The U.S. mortgage market has enjoyed historically low mortgage rates for so long that the pool of potential refinance customers has shrunk dramatically, forcing mortgage professionals to not only layoff employees, but to also seek a new audience in which to concentrate their business. But which part of the market is primed to take off now that refinancing is tapering off—is it purchase loans, home equity loans, do we dare even suggest that non-prime lending could be the next profitable audience?
To learn more about where the mortgage market is headed next, we interviewed Peter S. Reinhart, Esq., director of the Kislak Real Estate Institute at Monmouth University.
A: Mortgage refinancing activity typically increases when mortgage rates are falling for a steady period and again once rates begin to rise off those low levels. Static rates do not stimulate much refinance activity at all.
The bulk of refinance activity is mostly behind us because interest rates have not increased much in recent years. Mortgage rates have been holding at a very low pattern. Over the past few years, the majority of the refinancing activity was from older mortgages with much higher interest rates. Again, since rates have been so low for so long, there is little rate incentive to refinance again.
Are home purchases the next big thing?
If refinancing is fading, it stands to reason that purchase loans would be the next viable avenue for mortgage business. That said, existing and new home sales have flattened in recent months due principally to a sluggish economy. There are signs of increased employment growth, including more better-paying jobs being created. If positive employment trends continue, home sales should increase.
In addition, statistically, pent up demand is growing as household formation stagnates. At some point this pent up demand should result in an uptick in sales.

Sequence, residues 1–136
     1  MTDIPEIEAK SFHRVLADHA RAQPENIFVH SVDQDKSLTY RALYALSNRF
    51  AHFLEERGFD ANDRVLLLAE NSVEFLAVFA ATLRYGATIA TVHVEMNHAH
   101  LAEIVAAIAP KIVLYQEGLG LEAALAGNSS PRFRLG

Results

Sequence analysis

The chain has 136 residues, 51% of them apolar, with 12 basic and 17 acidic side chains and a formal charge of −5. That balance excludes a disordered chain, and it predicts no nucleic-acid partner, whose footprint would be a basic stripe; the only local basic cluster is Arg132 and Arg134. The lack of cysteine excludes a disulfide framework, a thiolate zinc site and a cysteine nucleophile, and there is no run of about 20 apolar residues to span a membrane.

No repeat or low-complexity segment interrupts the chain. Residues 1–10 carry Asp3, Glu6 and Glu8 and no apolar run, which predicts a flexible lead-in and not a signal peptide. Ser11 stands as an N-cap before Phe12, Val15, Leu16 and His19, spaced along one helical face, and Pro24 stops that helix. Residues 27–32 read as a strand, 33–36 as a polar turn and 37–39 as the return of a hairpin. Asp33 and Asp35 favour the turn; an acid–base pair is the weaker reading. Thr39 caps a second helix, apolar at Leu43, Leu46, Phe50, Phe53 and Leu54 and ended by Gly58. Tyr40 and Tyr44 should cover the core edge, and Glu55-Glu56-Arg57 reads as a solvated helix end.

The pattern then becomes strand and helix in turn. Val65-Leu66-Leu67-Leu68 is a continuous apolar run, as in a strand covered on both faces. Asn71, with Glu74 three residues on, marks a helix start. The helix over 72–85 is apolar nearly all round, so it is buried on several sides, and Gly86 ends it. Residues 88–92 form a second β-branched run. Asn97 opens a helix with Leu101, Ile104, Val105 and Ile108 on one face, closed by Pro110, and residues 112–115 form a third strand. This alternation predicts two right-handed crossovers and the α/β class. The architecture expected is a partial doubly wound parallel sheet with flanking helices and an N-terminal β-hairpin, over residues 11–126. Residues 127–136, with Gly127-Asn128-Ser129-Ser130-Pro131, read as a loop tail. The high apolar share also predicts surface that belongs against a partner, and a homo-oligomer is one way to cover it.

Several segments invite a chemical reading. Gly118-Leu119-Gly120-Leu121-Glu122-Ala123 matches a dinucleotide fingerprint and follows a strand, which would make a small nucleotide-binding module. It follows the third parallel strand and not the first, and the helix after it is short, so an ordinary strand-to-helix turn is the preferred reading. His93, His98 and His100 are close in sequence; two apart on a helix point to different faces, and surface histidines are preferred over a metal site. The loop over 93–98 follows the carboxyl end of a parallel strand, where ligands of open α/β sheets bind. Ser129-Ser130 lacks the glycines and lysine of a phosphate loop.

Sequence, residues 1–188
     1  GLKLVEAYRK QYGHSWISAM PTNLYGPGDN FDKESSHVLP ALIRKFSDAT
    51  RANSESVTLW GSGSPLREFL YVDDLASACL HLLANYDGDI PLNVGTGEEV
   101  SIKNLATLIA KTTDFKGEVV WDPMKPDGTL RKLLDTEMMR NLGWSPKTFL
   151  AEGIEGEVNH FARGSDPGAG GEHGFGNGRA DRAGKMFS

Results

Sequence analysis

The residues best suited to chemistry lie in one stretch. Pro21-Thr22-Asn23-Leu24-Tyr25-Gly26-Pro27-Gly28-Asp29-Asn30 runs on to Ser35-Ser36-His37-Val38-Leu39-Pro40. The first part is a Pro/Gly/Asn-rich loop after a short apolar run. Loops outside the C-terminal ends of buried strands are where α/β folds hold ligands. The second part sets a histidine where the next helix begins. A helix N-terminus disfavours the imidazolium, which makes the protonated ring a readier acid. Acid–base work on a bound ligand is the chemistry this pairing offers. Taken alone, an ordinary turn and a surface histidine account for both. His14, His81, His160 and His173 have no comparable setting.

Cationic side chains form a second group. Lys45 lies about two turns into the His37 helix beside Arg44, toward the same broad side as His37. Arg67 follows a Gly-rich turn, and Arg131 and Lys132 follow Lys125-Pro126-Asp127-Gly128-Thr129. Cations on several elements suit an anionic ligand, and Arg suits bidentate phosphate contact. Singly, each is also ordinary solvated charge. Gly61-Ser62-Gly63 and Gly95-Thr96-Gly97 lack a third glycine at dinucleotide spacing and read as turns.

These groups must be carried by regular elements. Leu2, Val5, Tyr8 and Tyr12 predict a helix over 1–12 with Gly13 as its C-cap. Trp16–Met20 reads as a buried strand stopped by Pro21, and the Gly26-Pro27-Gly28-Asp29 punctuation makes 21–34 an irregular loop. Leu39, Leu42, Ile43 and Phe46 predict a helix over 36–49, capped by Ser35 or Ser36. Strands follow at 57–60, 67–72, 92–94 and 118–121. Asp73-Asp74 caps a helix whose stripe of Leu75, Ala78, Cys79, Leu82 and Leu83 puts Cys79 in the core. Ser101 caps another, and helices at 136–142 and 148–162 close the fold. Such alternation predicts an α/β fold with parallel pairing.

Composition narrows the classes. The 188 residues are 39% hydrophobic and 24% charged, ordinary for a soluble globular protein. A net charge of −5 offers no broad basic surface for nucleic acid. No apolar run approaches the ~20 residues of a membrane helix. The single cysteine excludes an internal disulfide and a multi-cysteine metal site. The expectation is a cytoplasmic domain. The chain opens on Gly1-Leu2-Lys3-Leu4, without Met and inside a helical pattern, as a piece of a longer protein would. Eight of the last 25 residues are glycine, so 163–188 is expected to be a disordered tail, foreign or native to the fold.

If not home sales, what about home equity lending?
I do not see an increase in home equity lending to any degree. Home values are just now approaching pre-recession values in most markets and the rapid increase in values in the first few years following the end of the recession has leveled off. Therefore, the comfort level of homeowners to take on more debt is not high at this time.
There are some lenders tiptoeing back into non-prime lending but with much stricter underwriting requirements. That said, I do not see any significant growth in non-prime lending, particularly with the tighter underwriting rules placed on mortgage lenders.
For the housing market to gain steam…
For the housing market to gain steam, economic conditions need to continue to improve with the resultant improvement in consumer confidence. If Congress were to do something to lessen the student debt load, that might encourage more first-time homebuyers to enter the housing market and thereby enable more move-up sales, fueling the purchase market. Another boon to purchase-loan activity is foreign homebuyers. In certain markets, foreign buyers are a significant force in the market, however, more than half of international buyers pay cash and do not require financing.